Project H original softcover graphic novel
Writer/Artist: Brandon Carstens
Publisher: Wonjoolaai Studios
Price: $16.95 US
Comics are an international medium, popular the world over, obviously. When one thinks of the medium in a global sense, though, the terms “American comics,” “Euro-comics” and manga come to mind readily. South Africa certainly doesn’t make that short list, so it was with interest that I delved into this graphic novel by South African creator Brandon Carstens. To my pleasure, I found that South African culture factored heavily into this murder mystery/conspiracy story. Even better was Carstens’s exploration of the notions of faith and secular thinking and how they affect the manner in which a society functions. He touches upon the conflict between nostalgia for simpler times and the undeniable power of new technologies have over the 21st-century consciousness. There’s no denying that Carstens’s ideas are challenging and engaging. Unfortunately, his storytelling skills distract from those ideas. There’s a lot of great potential to be found in this graphic novel, but the execution leaves a bit to be desired. I suspect Carstens would be well-served by working an editor and polishing his line art.
Sam Hart is toughest cop on the Cape Town force, driven to fight crime by any means possible due to the childhood trauma of losing his mother to street violence. Sam believes that might makes right, having cast aside his preacher father’s Christian teachings of forgiveness and love of one’s fellow man. When Sam meets the woman of his dreams, his anger finally fades… until she’s taken from him as well. Determined to find and kill his wife’s murderer, Sam instead is sidetracked by Project H, the teachings of one Jasper King, the leader of a secular movement that seems to transform South Africa for the better.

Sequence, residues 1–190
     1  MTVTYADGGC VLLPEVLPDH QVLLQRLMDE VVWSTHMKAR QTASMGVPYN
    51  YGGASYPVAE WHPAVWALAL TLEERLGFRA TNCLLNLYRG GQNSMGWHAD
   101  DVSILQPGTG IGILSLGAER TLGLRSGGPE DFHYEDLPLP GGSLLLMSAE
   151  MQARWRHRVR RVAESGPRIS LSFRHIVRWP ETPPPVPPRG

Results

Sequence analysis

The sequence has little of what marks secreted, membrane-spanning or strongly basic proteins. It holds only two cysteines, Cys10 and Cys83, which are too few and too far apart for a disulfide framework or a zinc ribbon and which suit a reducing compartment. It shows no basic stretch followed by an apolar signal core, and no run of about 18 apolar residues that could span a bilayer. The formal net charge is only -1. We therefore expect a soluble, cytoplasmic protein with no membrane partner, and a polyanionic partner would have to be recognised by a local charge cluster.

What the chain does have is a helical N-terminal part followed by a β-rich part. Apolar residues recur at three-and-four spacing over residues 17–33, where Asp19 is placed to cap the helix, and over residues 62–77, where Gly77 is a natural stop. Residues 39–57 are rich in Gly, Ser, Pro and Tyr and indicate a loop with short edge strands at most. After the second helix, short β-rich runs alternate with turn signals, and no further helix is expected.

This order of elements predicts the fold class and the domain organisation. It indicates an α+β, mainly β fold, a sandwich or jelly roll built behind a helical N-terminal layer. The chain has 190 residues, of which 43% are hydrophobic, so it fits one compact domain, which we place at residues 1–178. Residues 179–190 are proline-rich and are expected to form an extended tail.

Carstens ‘s artwork is serviceable, but his effort to achievement a realistic look and atmosphere falls short. The mechanics of the story are clear; it’s easy to see what the characters are doing and feeling. However, the artist can’t seem to convey fluid movement in his figures as the story requires at times. He also struggles with perspective. Furthermore, while race doesn’t play a prominent role in the plot, it is a factor that is to be considered at times, but Carstens doesn’t differentiate between the Caucasian and black characters as clearly as he could. Still, the fact that the art isn’t confusing and only interferes with the reader’s appreciation of the story rather than his or her understanding of it is certainly a mitigating consideration.
The book opens with a subplot that’s not vital to the main story, but it’s nevertheless interesting and relatable. The protagonist’s problems begin with the distance that’s between him and his father. The rocky father-son relationship is handled quite well, and I like how Sam’s resentment for his father translates into his mistrust of faith. It also makes his acceptance of Jasper King’s message easy to understand and accept.
I was also taken with the subplot about the father’s desire to catch up with a world that seems to have left him behind. As a pastor, Jasper King’s secular movement obviously flies in the face of his entire identity, but Carstens takes it further than that. He portrays the father as a technophobe, and his inability to communicate with modern technology serves as a parallel to his inability to communicate with his son.
While the ideas that Carstens explores are thought-provoking and grounded, the machinery of the plot itself is clunky. It lurches forward, propelled by cliches, settling into extended lulls that really don’t add all that much to the story. Carstens spends far too much time on the conception of Sam and Cindy’s relationship since she’s really more of a catalyst for the story. The dialogue is often stilted as well. I do like that Carstens incorporates some South African phrases and colloquialisms into the script, but for some reason, he only explains a scant few of those terms and phrases, leaving his non-South African readers scratching their heads as to the meaning of some of the others.
The ending, which adopts an uncharacteristically (but cliched) supernatural element as a key element is disappointing. Carstens’s ultimate message with this book is about the important of faith in modern society, that secularism is actually an evil that only provides temporary benefits. That belief has clearly led to some passion, and that passion certainly does find its way into this book. I suppose I can’t condemn the ending simply because it’s not in keeping with my own personal beliefs, but it does seem like an oversimplified answer for the interesting concepts the creator dared to examine. 5/10
For more information on Project H, visit the official website.